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Hendrick’s unveils £13 million Victorian-inspired ‘gin palace’

William Grant & Sons has unveiled its £13 million Hendrick’s ‘gin palace’ complete with palm house, two hot houses, two still houses, a laboratory, flavour library, lecture theatre and gin bar.

Brand owner William Grant has stated that the news the “most significant development” since the launch of Hendrick’s in 1999.

The project is an expansion of its distillery at Girvan in Ayrshire and is “dedicated to exploration and discovery” according to the brand.

The new space will provide master distillery Lesley Gracie with the tools to experiment and develop new variants of the cucumber and rose infused gin.

Contained within the new development is a walled garden, palm house, two hot houses for growing botanicals and a laboratory containing a flavour library, lecture theatre and a gin bar.

Double capacity

The expansion has also permitted Hendrick’s to double its production capacity in order “to meet demand”, increasing its output from one million to two million cases a year.

The gin brand now has a total of six stills including four Bennett stills (the original antique copper pot still dating to 1860 and three replicas) and two carter head stills (one original dating to 1948 and one replica). The brand has already been using the new stills for almost a year.

Lesley Gracie, master distiller at Hendrick’s said: “I’ve been distilling Hendrick’s for almost twenty years and during that time, my team and I have had the opportunity to explore and experiment on a small scale.

“However, I’m thrilled and excited to take full advantage of our wonderful new distillery and begin working on a line of experimental liquids, some of which will hopefully blossom into future releases and potential new expressions of Hendrick’s”.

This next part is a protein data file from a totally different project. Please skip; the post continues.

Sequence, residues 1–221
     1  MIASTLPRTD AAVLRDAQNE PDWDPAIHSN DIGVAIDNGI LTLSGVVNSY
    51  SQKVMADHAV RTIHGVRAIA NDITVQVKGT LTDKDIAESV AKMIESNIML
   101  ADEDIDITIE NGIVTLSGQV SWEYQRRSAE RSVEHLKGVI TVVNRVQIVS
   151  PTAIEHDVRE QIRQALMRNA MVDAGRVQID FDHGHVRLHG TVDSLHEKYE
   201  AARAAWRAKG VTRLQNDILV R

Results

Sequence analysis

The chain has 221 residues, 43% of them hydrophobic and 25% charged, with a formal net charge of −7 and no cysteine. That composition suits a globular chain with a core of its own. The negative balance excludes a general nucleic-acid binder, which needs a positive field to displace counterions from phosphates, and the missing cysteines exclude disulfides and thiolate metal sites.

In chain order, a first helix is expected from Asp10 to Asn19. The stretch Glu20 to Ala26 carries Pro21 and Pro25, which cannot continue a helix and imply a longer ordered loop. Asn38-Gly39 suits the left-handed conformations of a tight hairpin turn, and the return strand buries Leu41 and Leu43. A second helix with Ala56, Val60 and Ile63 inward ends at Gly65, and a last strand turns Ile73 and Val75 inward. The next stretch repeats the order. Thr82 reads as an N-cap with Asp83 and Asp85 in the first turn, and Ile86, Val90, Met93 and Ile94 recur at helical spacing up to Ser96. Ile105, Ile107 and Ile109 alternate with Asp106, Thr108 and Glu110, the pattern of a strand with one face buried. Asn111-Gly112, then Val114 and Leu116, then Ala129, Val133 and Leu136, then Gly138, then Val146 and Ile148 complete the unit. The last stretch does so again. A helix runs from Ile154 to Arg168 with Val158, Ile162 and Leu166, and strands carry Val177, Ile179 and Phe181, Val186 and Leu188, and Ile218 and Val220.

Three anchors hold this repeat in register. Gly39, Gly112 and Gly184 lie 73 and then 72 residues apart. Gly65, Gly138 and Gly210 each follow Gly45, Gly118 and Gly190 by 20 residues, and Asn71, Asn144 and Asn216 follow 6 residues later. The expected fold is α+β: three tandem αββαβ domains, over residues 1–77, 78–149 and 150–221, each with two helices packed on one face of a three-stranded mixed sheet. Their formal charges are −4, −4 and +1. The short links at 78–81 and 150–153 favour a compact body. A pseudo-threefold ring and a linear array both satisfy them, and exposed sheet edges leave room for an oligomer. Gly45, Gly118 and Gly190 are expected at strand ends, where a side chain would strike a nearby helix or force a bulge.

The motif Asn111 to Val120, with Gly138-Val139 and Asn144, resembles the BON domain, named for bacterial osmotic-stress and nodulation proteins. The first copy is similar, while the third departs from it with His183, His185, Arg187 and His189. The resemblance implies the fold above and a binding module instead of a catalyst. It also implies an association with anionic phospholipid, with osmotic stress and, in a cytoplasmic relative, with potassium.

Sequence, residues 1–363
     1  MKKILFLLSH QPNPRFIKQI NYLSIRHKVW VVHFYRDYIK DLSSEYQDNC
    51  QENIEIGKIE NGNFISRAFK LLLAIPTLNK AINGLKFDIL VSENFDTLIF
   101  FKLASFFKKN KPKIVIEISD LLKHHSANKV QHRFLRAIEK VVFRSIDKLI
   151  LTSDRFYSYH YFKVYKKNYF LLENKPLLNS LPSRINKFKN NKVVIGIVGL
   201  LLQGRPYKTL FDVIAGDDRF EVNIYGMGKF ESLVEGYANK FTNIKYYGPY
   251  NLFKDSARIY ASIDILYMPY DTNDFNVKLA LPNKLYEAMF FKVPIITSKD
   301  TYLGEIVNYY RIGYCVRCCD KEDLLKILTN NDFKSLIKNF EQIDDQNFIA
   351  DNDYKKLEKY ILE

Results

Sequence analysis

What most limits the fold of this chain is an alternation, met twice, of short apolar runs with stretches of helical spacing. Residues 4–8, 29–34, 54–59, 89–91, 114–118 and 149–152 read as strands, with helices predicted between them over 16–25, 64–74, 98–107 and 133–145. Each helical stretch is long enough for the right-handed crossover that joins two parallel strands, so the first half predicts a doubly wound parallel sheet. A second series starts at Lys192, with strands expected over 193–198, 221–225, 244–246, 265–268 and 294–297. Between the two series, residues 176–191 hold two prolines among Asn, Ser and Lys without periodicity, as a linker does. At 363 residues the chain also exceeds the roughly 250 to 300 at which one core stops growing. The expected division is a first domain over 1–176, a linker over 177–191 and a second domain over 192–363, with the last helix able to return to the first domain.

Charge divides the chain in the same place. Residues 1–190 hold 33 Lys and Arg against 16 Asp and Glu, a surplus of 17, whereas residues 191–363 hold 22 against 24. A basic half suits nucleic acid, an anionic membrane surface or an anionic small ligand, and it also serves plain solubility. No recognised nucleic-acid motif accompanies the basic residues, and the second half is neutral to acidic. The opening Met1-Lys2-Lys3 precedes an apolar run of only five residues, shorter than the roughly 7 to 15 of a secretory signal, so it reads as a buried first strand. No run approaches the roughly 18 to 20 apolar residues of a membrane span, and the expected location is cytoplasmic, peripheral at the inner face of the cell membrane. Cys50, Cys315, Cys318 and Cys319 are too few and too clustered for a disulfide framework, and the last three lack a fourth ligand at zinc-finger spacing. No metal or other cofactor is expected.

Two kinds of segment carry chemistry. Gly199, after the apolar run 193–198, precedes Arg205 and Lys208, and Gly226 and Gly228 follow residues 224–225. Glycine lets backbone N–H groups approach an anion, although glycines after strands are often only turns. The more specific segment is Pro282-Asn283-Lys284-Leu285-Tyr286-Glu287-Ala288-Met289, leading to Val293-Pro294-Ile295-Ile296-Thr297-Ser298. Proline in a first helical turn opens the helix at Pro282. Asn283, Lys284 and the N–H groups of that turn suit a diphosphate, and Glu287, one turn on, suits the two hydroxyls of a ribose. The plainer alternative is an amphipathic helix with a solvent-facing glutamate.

Pamela Selby, the global brand director at Hendrick’s added: “The Hendrick’s Gin Palace in its design and experience, is intended to inspire curiosity, open minds and serve as a platform for invention. It pulls back the curtain on the wondrous production method and showcases the many layers of Hendrick’s that it has become celebrated for, some humorous, others curiously intellectual, detailed and deeply meaningful. It represents the confidence we have in the brand that helped to kick-start the ginaissance and leading role it has played ever since”.

According to the latest figures published by the Wine and Spirit Trade Association, sales of UK gin have doubled in value in the past five years with exports and domestic sales totalling £2.2 billion in the year ending 16 June.

The industry body’s latest market report found that Brits bought over 60 million bottles of gin worth over £1.6 billion in the year ending 16 June, up 38% on the same period the previous year.

This means that the sales of UK gin at home and abroad has doubled in the last five years, with sales and exports totalling just over £1 billion in 2013.

Gin alone is responsible for 68% value growth within the entire UK spirits sector.

According to figures published by Scotland Food and Drink, 70% of the UK’s gin is produced in Scotland, a figure boosted by the fact the world’s best-selling gin brand, Gordon’s, is produced in Fife. With craft distillers such as Hendrick’s upping their production capacities, the percentage could rise in the future.

In June this year, it was reported that Hendrick’s had hit one million cases a year, after reporting 13% growth in 2017. The success of the brand has not gone unnoticed – in July this year Aldi launched a cucumber flavoured gin called Harrison’s which bears a striking resemblance to Hendrick’s, boasting a similar label, bottle, logo, flavouring and strength, but being made in England rather than Scotland.

Scroll through to view the pictures of the ‘gin palace.’

Hendrick’s Distillery by night.
Inside the distillery.
Lesley Gracie, master distiller at Hendrick’s, at work in the laboratory.

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